Their next machine was a man-carrying glider, which they used, much as Lilienthal had done, to glide in the air from high hills. It was easy enough to glide along on the air, but it was very difficult to balance the glider and to control its course. In order to experiment safely, they went in 1900 to a secluded place in North Carolina, where there were high sand hills which offered good opportunities for gliding, and a soft place on which to light, [258] should they fall. During the next two years, they made about a thousand gliding flights, some of these as much as six hundred feet long.


[Illustration]

THE WRIGHT AIRSHIP IN FLIGHT.

Their next step was to find a way to propel the glider. During 1903 they were busy on a suitable gasoline motor, but it was not until December that they were ready for their first attempt to fly in a motor-propelled machine. For the trial trip, they went again to the secluded place in North Carolina. The brothers were confident that their machine would fly, but they made no predictions, and had little to say.

"The first flight lasted only twelve seconds, a flight very modest compared with that of birds, but it was, nevertheless, the first in the history of the world, in which a machine carrying a man had raised itself by its own power into the air in free flight, had sailed forward on a level course without reduction of speed, and had finally landed without being wrecked. The second and third [259] flights (the same day) were a little longer, and the fourth lasted fifty-nine seconds, covering a distance of eight hundred and thirty-five feet over the ground against a twenty-mile wind."

What had started as a sport, thus developed with the Wright brothers into a serious scientific study. By 1905, they had so mastered the motor that they were able to make a flight of twenty-four miles, at the rate of thirty-five miles an hour. Up to this time they had worked in comparative quiet, and without being written up in the newspapers and magazines. But their long flights now began to attract the attention of the world.


[Illustration]

THE WRIGHT AEROPLANE.

In 1908, Wilbur took a machine to France. The French newspapers printed cartoons of him, with a long neck, a beak, and talons for fingers; they also made fun of his shabby-looking machine. Nevertheless, this same Wilbur was not long in breaking the world's record, with a flight of fifty-two miles, being in the air ninety-one minutes. A few days later he won a prize of twenty thousand [260] francs. In addition to this, the French government soon afterwards gave the Wrights an order for thirty machines.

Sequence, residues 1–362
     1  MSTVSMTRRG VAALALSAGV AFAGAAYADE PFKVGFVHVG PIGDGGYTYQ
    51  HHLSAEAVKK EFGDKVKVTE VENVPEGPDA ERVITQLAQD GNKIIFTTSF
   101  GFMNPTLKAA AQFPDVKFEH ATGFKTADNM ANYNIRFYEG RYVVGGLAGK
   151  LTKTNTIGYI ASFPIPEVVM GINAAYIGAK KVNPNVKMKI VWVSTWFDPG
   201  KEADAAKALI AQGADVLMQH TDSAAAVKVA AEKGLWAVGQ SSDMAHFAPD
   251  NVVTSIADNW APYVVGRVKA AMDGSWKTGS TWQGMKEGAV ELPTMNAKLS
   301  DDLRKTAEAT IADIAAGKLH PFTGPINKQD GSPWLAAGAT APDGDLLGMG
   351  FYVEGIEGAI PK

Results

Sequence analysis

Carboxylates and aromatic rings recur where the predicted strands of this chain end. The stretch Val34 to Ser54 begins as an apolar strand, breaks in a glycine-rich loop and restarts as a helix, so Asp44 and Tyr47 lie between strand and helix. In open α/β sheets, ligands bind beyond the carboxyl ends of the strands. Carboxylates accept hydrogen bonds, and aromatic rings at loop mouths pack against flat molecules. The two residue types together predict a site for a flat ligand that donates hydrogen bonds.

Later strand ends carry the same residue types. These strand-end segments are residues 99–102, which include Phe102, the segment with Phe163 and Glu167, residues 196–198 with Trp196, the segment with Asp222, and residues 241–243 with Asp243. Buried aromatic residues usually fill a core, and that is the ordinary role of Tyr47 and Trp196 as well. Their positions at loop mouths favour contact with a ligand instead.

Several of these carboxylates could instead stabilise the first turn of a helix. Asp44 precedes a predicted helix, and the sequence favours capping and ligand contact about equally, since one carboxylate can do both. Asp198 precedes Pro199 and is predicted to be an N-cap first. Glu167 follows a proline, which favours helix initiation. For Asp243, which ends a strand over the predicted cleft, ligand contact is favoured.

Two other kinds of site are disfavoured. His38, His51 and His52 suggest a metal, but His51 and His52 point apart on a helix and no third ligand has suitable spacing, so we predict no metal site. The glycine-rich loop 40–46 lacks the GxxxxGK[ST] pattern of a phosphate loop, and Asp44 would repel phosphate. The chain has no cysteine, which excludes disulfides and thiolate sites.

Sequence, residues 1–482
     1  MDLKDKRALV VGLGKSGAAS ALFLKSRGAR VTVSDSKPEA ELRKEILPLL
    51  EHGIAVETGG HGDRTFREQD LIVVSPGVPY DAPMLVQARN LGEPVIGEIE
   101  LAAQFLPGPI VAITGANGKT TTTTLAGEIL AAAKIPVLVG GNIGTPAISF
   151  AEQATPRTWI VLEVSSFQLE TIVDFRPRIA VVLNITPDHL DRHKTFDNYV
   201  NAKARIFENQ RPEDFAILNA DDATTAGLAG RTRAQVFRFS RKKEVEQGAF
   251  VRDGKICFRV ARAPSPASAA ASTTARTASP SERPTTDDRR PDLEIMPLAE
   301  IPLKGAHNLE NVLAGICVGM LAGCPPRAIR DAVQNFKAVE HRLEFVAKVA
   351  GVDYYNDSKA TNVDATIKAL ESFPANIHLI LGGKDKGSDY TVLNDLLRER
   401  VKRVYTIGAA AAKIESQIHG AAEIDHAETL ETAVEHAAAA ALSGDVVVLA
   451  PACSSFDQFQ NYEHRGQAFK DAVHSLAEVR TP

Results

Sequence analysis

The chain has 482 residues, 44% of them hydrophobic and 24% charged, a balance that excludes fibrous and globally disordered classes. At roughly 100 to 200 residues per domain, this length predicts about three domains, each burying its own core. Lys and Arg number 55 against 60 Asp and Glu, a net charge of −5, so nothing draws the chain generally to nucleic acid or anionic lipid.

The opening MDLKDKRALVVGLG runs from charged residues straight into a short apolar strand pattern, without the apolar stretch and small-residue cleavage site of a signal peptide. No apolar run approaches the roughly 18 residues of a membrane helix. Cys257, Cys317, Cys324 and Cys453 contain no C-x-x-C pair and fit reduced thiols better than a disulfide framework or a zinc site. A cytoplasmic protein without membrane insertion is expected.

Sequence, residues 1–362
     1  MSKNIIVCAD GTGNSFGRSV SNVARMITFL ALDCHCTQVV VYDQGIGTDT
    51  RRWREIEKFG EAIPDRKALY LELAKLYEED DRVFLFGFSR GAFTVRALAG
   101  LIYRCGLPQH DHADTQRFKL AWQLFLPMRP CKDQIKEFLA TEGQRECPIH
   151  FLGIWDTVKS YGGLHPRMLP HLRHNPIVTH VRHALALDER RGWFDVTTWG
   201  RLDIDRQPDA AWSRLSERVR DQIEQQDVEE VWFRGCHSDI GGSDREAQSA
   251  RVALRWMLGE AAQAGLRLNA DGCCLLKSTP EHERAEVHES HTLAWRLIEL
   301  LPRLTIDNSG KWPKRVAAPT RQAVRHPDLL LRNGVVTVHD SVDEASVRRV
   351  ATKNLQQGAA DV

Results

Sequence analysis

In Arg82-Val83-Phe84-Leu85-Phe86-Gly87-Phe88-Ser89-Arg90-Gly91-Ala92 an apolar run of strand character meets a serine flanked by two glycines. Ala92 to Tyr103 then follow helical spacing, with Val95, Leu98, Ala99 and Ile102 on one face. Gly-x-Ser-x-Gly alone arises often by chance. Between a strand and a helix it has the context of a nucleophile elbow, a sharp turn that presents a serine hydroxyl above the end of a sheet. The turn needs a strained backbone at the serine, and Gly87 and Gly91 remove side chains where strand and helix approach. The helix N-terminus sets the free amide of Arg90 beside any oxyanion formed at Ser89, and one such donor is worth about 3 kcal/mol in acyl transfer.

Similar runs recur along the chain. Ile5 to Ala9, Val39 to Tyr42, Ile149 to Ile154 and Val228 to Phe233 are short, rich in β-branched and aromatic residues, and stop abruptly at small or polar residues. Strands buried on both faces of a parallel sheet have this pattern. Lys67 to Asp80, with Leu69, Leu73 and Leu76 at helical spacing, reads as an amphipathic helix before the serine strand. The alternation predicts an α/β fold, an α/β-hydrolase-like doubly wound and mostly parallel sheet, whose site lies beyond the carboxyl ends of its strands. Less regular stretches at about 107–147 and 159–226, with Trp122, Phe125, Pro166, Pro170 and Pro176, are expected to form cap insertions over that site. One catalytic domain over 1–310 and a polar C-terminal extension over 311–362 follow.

At the very time that Wilbur was breaking world records and winning prizes in France, Orville was making famous flights at Fort Myer, Virginia, flying for more than an hour at a time, and repeatedly ascending with a passenger.


[Illustration]

NC-4 AMERICAN AIRPLANE, FIRST TO CROSS THE ATLANTIC.

The summer of 1909 witnessed the greatest triumphs in aerial navigation. Bleriot, a Frenchman, crossed the English Channel in his monoplane. Soon afterwards, Zeppelin sailed two hundred and twenty miles in his dirigible balloon, and Orville Wright carried a passenger from Fort Myer to a point in North Carolina. An American airplane, the NC-4, was the first flyer to cross the ocean, in 1919. The English dirigible R-34 accomplished a like feat a few weeks later.

Air craft are now a regular part of the equipment of all armies, and airmen are able to perform almost unbelievable feats as army scouts.


[Illustration]

ENGLISH DIRIGIBLE R-34, THE FIRST TO CROSS THE ATLANTIC.

There is something thrilling about riding in a flying machine and making a highway of the air. But the first successful air craft was perfected, as we have seen, by the Wright Brothers, two unromantic Americans who never [261] allowed themselves to be carried away by their enthusiasm. They never talked about themselves or boasted about what they were going to do. They avoided notoriety and claimed no genius for themselves, yet their silent and persistent work counted in the end, and they are sure of a place of honor in the history of aerial navigation.